Showing posts with label don't tell. Show all posts
Showing posts with label don't tell. Show all posts

Monday, December 9, 2013

Trust your Readers--Part 1

One of the hardest writing skills to master is the art of knowing what to take out.  Many rough drafts are guilty of repetition and over-explanation.  Consider the dangers of spoon-feeding your readers.  At best, you'll come off as lacking subtlety.  You'll rob your readers of the chance to exercise their brains.  At worst, you'll annoy them or insult their intelligence.  If you want to lose readers, there's no better way than by talking down to them.  If you want to keep readers, set things up and then trust them to draw the conclusion for themselves.

Problem #1:  Showing and then Telling.

A lot is said about how writers must "show, not tell."  Generally it's good advice, though telling sometimes works better and you shouldn't be afraid of using both strategies, depending on the situation.  What you really want to avoid is showing and then telling.  Here are some examples.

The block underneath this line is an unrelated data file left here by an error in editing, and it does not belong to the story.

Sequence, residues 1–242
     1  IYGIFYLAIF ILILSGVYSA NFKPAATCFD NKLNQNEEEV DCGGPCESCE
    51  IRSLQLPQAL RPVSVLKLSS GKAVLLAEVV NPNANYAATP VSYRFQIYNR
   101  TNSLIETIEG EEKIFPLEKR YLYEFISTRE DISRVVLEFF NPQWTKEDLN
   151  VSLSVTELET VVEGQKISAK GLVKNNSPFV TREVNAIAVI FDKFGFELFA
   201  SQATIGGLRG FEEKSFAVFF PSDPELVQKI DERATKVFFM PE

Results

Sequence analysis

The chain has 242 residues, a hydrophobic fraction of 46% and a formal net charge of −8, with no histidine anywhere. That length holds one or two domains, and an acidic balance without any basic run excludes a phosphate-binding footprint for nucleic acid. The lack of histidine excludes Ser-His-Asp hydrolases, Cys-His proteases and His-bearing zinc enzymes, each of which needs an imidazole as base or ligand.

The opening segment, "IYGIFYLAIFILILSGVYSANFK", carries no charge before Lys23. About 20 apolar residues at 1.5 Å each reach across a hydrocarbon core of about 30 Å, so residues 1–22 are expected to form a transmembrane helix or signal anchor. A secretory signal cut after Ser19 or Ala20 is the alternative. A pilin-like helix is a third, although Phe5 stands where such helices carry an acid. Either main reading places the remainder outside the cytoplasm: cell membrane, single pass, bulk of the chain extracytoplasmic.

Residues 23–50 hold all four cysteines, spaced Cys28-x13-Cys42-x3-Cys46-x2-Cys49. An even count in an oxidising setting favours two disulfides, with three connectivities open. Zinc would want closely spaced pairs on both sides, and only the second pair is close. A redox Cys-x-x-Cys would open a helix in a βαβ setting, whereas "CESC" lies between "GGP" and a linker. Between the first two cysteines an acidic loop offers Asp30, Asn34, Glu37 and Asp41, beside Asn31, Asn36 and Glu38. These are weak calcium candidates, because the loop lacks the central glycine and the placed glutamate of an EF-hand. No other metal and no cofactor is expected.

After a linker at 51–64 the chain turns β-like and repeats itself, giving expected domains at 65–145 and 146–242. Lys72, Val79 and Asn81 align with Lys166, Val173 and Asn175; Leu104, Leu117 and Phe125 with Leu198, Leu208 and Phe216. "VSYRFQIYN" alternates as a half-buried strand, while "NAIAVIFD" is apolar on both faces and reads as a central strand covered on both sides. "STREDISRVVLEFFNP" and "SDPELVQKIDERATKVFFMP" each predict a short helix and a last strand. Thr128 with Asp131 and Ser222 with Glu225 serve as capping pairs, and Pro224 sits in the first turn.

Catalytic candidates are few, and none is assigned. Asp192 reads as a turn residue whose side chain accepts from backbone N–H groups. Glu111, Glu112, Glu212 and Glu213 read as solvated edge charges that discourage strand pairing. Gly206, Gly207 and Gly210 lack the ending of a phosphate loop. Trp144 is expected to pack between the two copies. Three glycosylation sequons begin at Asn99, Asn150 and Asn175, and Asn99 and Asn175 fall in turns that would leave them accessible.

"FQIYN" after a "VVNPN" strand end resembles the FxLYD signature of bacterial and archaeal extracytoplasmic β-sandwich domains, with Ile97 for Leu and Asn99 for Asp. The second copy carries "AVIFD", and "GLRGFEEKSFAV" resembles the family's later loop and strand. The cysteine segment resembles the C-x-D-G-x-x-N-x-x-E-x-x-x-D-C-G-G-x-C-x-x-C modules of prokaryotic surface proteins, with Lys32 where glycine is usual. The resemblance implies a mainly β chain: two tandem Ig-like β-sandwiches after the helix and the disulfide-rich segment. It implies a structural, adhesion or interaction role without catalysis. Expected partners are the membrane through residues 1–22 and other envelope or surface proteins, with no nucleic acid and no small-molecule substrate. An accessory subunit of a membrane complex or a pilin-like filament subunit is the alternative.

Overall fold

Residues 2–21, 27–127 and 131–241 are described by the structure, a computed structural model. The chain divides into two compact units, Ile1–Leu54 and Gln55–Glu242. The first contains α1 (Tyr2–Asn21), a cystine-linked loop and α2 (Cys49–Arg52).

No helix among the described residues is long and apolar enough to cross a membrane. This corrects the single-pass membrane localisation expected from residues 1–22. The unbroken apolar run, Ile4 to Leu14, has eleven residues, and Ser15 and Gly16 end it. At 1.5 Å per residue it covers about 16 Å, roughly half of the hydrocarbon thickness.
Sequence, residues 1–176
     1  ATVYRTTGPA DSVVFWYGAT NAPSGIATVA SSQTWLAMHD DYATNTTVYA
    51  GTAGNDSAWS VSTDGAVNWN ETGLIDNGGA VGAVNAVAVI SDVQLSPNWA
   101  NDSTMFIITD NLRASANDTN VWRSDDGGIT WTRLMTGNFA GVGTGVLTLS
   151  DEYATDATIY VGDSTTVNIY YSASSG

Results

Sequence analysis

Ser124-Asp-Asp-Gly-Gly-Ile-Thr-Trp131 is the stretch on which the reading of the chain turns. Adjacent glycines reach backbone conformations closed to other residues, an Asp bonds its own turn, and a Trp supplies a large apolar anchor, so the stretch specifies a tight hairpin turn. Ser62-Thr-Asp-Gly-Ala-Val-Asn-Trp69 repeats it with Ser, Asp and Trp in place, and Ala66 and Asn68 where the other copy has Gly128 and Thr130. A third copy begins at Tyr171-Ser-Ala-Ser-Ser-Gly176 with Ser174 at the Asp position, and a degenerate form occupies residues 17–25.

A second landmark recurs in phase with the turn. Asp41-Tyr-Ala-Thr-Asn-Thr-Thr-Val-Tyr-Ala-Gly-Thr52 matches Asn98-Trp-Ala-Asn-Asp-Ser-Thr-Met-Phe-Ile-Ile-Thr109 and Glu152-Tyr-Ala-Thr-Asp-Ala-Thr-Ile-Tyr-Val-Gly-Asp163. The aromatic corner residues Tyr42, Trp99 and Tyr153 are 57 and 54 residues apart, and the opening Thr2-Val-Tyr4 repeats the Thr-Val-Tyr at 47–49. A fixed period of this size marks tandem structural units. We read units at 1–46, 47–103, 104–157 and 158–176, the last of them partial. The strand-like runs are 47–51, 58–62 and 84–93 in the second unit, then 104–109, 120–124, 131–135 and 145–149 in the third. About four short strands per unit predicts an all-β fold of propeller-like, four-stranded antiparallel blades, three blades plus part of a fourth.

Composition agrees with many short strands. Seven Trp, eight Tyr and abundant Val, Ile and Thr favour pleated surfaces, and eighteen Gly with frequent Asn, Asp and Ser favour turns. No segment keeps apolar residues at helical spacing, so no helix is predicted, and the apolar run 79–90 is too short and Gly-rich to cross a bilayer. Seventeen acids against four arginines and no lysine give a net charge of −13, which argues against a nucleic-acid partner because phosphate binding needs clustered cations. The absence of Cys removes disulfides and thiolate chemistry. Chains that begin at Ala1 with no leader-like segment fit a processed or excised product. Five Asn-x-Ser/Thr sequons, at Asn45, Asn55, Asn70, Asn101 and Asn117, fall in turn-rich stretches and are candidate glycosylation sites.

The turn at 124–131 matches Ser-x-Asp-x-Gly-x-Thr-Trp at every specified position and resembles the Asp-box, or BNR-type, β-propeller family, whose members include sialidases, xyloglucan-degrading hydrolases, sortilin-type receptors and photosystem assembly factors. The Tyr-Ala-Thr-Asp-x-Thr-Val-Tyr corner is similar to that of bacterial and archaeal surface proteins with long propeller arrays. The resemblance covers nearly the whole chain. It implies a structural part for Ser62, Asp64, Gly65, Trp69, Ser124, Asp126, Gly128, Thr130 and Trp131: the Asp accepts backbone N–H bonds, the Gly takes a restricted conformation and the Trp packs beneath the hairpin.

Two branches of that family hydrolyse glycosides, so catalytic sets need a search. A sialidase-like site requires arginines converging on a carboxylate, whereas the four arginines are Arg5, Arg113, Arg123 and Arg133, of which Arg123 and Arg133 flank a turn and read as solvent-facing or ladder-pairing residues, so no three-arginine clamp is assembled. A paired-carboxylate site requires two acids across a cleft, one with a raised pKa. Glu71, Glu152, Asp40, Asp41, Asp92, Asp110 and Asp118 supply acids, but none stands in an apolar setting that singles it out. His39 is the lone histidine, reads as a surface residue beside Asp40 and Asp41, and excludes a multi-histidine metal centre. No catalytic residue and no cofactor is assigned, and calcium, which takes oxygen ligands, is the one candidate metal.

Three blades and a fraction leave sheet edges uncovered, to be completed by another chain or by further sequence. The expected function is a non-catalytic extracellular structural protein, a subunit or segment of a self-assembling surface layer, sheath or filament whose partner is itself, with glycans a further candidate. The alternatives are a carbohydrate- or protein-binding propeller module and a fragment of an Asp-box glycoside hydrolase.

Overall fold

He slammed his fist against the table, stood up, and threw the telephone at the wall so hard the paint chipped.  He was angry.

Your reader figured out he was angry from his actions.  Cut out the last three words and let the action stand.

"What?  I had no idea!"  Ben was surprised.

The dialogue indicates Ben's surprise.  No need to tell us.

People were sharing seats, squatting in the aisles, and pressing themselves against the back wall.

"It's crowded in here," she said. 

Yes, Mistress of the Obvious, it is indeed crowded.

Dressed in his fluorescent vest, he stepped into the street, enjoying the power he and his sign held over the impatient drivers in the stopped cars.  The kids skipped past, chatting and laughing, texting and teasing.  Once his flock made it safely across, he hopped back onto the curb.  He liked his job as a crossing guard.

If you're afraid your readers won't understand what he's doing, or how he's feeling about it, revise your showing section.  Don't just tack a bit of telling on the end.  If you've done your job well enough, the reader will get it.